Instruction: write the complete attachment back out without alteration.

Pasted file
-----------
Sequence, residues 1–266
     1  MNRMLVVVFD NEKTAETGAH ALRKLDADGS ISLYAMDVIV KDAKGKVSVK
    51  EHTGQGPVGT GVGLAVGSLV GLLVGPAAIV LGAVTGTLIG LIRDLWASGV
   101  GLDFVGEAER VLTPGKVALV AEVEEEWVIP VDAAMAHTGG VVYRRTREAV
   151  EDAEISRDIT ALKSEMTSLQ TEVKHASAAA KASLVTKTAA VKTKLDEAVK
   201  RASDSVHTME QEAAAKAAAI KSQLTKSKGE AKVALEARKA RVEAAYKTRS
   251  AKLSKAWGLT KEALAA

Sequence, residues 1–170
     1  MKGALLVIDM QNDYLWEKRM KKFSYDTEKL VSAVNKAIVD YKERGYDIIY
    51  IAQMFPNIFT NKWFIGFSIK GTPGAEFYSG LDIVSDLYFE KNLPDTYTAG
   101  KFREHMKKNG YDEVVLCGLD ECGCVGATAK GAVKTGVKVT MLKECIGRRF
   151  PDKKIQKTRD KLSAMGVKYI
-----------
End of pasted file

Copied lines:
Sequence, residues 1–266
     1  MNRMLVVVFD NEKTAETGAH ALRKLDADGS ISLYAMDVIV KDAKGKVSVK
    51  EHTGQGPVGT GVGLAVGSLV GLLVGPAAIV LGAVTGTLIG LIRDLWASGV
   101  GLDFVGEAER VLTPGKVALV AEVEEEWVIP VDAAMAHTGG VVYRRTREAV
   151  EDAEISRDIT ALKSEMTSLQ TEVKHASAAA KASLVTKTAA VKTKLDEAVK
   201  RASDSVHTME QEAAAKAAAI KSQLTKSKGE AKVALEARKA RVEAAYKTRS
   251  AKLSKAWGLT KEALAA

Sequence, residues 1–170
     1  MKGALLVIDM QNDYLWEKRM KKFSYDTEKL VSAVNKAIVD YKERGYDIIY
    51  IAQMFPNIFT NKWFIGFSIK GTPGAEFYSG LDIVSDLYFE KNLPDTYTAG
   101  KFREHMKKNG YDEVVLCGLD ECGCVGATAK GAVKTGVKVT MLKECIGRRF
   151  PDKKIQKTRD KLSAMGVKYI